Rioting and the Politics of Crisis

Wednesday, 18 July 2018: 18:15
Oral Presentation
Karim MURJI, University of West London, London, United Kingdom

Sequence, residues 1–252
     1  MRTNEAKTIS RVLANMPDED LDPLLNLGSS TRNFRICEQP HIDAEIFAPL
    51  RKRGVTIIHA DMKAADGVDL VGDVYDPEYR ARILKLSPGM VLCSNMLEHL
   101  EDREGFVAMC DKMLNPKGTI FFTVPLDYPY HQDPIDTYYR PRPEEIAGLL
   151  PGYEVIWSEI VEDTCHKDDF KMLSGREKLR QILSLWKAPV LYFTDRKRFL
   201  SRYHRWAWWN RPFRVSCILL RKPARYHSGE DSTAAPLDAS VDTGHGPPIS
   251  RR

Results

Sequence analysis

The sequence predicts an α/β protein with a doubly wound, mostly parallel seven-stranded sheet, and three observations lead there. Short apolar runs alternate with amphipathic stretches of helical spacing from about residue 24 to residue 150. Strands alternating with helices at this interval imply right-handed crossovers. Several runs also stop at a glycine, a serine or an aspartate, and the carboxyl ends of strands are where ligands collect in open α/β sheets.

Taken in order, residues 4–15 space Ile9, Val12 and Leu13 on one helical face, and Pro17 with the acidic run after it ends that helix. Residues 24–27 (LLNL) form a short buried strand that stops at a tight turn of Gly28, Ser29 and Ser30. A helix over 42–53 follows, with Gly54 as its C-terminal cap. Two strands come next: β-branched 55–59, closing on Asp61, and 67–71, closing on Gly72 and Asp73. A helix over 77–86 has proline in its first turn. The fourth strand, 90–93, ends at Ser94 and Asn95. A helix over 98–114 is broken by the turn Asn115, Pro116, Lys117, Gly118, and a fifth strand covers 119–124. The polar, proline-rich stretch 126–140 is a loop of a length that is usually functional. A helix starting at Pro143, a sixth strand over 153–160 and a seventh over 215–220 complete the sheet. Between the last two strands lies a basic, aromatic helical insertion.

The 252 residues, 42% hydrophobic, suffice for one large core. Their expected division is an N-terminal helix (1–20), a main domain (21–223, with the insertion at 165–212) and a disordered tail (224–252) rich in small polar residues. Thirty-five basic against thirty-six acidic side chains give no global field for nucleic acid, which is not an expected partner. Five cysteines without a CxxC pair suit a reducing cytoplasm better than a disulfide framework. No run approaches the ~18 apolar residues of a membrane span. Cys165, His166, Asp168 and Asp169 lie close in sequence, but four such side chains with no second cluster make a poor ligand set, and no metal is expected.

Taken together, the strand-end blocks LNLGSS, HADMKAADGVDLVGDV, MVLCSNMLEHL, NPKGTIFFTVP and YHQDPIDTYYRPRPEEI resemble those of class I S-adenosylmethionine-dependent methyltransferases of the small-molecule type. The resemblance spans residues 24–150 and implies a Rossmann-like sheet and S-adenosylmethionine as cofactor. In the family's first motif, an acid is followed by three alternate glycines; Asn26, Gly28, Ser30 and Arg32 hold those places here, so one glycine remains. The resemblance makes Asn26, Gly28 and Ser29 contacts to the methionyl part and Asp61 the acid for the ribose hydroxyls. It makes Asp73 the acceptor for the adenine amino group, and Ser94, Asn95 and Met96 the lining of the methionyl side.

This paper draws on selected explanatory accounts of rioting that occurred in England in 2011 for the purpose of illustrating the ways in which scholarly critiques frame quite different senses of what kind of 'crisis' the riots represented. On one side the riots are understood within a 'race and policing' frame placing in a line of continuity with events across time and space and in an on-going crisis of racial subjugation. In direct contrast, another side treats the riots as a crisis of post-politics, in which nihilism has replaced purposive political action. While different types of politics are centred in both approaches, they differ remarkably in relation to racism, with the latter treating race as epiphenomenal. These frames are instances of how critical scholarly understandings draw on events, and it is argued they miss potentially far reaching senses of 'crisis' that can be drawn out of some aspects of rioting.